If each of these tests produces reasonable output, but libMesh still fails to configure/build, then you should contact Jason Miller for further assistance.

If you're in a hurry, a simple last-step cop-out is to try reinstalling the MOOSE package. The MOOSE package may be re-installed safely multiple times, and this procedure may solve a possible environment issue.

If you are not using the MOOSE redistributable package, you are responsible for building the following pieces of software yourself: C, C++, and Fortran compilers. We recommend Clang with GNU Fortran or the GNU Compiler Collection. An MPI library. We recommend either mpich or openmpi. HYPRE PETSc * libMesh

Coupling To an Arbitrary Number of Variables (back to top)

The trick here is to do "vector coupling". What this means is coupling to an arbitrary number of variables simultaneously.

How do you do such a thing? The input file syntax is as follows:

    type = SummingAux
    variable = the_sum
    coupled_vars = 'var1 some_other_var var25'

That will couple var1, some_other_var and var25 into SummingAux as coupled_vars. Note: coupled_vars is the name of the coupling parameter that you added using params.addCoupledVar() like usual.

Now... how do you get out the value of each one? This requires some slightly more advanced C++ code involving pointers. In your class you do this:

In your header file:

class SummingAux : public AuxKernel
  std::vector<const VariableValue *> _vals;
  std::vector<const VariableGradient *> _grad_vals;

In your source file:

SummingAux::SummingAux(const InputParameters & parameters)
  : AuxKernel(parameters)
  int n = coupledComponents("coupled_vars");


  for (unsigned int i=0; i<_vals.size(); ++i)
    _vals[i] = &coupledValue("coupled_vars", i);
    _grad_vals[i] = &coupledGradient("coupled_vars", i);

What this is doing is filling up vectors of VariableValue and VariableGradient pointers. You can then loop over them as follows:

for (unsigned int i=0; i<_vals.size(); ++i)
  the_sum += (*_vals[i])[_qp]

Or whatever your particular application requires. The trick is that you have to dereference the pointers in the vectors (that's the (*_vals[i]) part) and then index by _qp like you normally do for a coupled variable.

AuxKernel Restrictions (back to top)

  • Nodal AuxKernels can't use MaterialProperties.
  • This is not an arbitrary restriction. If a Node falls on a block boundary... which Material object would you use for the material property value at that point?

BoundaryConditions (back to top)

What are the names of the boundaries for 3D Generated Mesh?

  • X_min face: left
  • X_max face: right
  • Y_min face: bottom
  • Y_max face: top
  • Z_min face: back
  • Z_max face: front

Is there a difference between sideset "n" and nodeset "n"?

It is the "boundary" n... we don't distinguish between sidesets and nodesets as far as numbering goes... that has the side effect that sidesets and nodesets MUST have unique numbers... i.e. you cannot have a sideset with ID 1 and a nodeset with ID 1. (Technically you can, but it probably won't mean what you think it will mean... "boundary 1" will be the union of the sideset 1 and nodeset 1.)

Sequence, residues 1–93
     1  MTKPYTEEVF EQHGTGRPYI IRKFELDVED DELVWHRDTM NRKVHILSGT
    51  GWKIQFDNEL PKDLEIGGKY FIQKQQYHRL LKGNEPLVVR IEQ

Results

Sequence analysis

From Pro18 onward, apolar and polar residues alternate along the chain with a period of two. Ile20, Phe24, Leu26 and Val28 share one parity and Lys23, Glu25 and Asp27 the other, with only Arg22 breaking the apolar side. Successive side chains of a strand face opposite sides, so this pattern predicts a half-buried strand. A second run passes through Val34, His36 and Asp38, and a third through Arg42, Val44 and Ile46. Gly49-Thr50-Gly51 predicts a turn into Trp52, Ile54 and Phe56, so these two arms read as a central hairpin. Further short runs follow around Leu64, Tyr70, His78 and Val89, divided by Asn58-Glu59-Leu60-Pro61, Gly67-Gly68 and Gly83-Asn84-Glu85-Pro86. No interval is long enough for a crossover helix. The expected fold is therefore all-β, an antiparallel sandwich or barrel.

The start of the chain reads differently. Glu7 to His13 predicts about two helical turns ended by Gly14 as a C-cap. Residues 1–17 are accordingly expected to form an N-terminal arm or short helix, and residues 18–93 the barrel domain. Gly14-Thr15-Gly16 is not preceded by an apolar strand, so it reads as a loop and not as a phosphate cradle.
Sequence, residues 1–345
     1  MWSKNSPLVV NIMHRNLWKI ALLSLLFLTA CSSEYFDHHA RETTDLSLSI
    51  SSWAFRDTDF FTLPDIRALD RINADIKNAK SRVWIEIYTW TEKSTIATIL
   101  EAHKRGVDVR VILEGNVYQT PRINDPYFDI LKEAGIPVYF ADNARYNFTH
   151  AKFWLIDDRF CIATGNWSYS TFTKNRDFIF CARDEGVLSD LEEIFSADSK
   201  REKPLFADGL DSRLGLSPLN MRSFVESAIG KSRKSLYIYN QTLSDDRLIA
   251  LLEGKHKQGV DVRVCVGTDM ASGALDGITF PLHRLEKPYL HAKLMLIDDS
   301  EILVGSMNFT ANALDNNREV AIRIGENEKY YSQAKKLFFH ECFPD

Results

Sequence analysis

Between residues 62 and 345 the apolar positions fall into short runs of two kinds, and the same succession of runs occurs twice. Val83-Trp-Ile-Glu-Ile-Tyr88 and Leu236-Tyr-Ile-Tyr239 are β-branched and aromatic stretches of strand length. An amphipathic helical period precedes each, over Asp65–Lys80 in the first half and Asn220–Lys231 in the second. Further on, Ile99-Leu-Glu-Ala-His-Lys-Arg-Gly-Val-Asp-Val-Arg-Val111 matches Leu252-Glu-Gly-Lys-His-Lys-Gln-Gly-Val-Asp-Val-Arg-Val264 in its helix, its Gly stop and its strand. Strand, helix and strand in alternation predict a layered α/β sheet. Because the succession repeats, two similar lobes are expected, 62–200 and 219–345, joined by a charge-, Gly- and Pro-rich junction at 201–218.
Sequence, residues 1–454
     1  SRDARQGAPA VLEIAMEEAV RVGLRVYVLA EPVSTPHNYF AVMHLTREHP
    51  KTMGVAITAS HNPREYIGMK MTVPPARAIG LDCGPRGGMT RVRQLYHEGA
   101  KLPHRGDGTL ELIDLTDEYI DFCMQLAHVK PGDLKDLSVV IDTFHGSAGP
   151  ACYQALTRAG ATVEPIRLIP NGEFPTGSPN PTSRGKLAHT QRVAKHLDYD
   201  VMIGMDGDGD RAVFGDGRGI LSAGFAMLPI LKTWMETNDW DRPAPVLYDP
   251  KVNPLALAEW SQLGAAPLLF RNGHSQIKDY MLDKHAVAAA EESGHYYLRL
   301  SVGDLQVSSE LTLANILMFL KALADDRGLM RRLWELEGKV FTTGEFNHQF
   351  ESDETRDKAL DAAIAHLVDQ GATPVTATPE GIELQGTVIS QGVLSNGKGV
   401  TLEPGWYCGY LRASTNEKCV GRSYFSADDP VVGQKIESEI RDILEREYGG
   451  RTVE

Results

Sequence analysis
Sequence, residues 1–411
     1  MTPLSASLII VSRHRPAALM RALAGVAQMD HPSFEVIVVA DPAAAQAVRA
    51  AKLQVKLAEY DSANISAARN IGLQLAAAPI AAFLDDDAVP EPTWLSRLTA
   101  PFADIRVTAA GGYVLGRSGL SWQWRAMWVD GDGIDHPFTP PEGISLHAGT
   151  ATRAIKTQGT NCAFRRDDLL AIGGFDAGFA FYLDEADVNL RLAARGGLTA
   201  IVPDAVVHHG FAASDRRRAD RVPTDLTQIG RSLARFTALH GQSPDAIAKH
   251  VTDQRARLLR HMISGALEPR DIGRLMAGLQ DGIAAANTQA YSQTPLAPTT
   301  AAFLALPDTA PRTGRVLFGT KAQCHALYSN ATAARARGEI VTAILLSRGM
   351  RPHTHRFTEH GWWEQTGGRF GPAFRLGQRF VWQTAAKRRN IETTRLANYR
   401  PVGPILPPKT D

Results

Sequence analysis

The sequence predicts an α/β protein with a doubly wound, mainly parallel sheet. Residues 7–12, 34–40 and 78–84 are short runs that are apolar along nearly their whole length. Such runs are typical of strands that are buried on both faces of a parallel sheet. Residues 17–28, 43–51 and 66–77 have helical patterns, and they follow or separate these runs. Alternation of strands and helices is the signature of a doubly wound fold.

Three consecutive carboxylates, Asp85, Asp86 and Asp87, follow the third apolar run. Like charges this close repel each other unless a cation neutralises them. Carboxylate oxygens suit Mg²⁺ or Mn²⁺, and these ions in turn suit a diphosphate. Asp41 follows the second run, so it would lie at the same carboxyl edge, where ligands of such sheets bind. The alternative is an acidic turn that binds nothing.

Come up with a scheme and stick to it. I usually recommend numbering sidesets from 1 (like 1, 2, 3, 4, 5, etc.) and nodesets from 100 (like 100, 101, 102, etc.) so that you won't have any collisions. We use a similar scheme to this in BISON (although I think nodesets start at 1,000 or 10,000 to give them more room).

Further, I highly recommend using boundary "naming". In that case you can say "left_nodes" or "right_side". To keep things straight. If you have a limited number of boundaries this is a good idea. You can either name them in Cubit when you generate the mesh, use the automatic names from GeneratedMesh or assign names to numbers in the Mesh block (look at the input file syntax dump or the MOOSE manual to see how to do that).

Can we specify DirichletBC for a nodeset which might not be on the boundary?

Yes. Just give it a nodeset ID (like 105 or something) and then just say "boundary = 105" in your DirichletBC block in your input file. You can do this for "internal" NeumanBCs as well but it's trickier. In Cubit you have to assign one side of the boundary that the sideset is "with respect to"... which you can do right in the Sideset section of Cubit.

What's the difference between PresetBC and DirichletBC?

PresetBC is a special type of DirichletBC. It is useful in the case where you know what the value of the variable should be at the beginning of the timestep. It forces the value of the variable at that boundary to be the value it is supposed to be before the solve even starts. In other words, it sets the initial guess for the value of the variable on that boundary to be exactly the right value.

DirichletBC on the other hand just uses the value from the last timestep (or the initial condition for the first timestep) as the initial guess. This might not be a good guess (especially for the first timestep)... but on the other hand you might not know at all what the value is supposed to be (like in the case of nonlinear coupled DirichletBCs).

So think of it like this:

PresetBC: Set the value of the variable to what it's supposed to be and hold it there. DirichletBC: Use a guess... but really solve for the value of the variable

A couple more notes on this: